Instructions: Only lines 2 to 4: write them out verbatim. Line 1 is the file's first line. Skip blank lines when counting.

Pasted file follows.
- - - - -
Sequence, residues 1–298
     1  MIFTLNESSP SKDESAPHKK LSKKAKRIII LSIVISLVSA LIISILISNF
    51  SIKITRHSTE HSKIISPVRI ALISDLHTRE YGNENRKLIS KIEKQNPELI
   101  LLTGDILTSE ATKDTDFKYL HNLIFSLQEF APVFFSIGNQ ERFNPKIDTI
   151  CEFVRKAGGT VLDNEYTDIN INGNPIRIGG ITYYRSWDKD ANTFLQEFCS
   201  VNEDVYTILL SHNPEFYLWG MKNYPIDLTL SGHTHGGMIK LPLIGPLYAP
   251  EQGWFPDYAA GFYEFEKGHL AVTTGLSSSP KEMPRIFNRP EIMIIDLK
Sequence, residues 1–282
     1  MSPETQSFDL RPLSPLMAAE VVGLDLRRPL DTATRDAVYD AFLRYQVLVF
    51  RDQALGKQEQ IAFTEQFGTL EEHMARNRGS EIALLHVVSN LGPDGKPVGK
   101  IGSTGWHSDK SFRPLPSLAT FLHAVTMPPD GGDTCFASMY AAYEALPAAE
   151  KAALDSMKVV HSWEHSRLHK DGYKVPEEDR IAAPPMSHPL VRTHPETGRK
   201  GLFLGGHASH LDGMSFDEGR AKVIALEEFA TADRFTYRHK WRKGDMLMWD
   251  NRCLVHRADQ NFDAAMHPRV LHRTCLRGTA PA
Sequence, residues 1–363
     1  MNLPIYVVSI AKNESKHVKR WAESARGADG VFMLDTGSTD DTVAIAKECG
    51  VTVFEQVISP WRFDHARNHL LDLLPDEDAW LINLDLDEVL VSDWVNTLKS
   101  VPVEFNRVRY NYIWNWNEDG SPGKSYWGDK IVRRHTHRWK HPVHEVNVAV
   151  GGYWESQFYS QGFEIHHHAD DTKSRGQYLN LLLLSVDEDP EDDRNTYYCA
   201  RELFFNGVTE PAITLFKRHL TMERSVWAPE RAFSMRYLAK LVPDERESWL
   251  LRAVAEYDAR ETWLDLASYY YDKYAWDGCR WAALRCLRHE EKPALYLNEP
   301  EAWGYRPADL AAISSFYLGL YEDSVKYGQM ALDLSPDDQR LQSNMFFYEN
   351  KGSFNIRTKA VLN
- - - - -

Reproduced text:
     1  MIFTLNESSP SKDESAPHKK LSKKAKRIII LSIVISLVSA LIISILISNF
    51  SIKITRHSTE HSKIISPVRI ALISDLHTRE YGNENRKLIS KIEKQNPELI
   101  LLTGDILTSE ATKDTDFKYL HNLIFSLQEF APVFFSIGNQ ERFNPKIDTI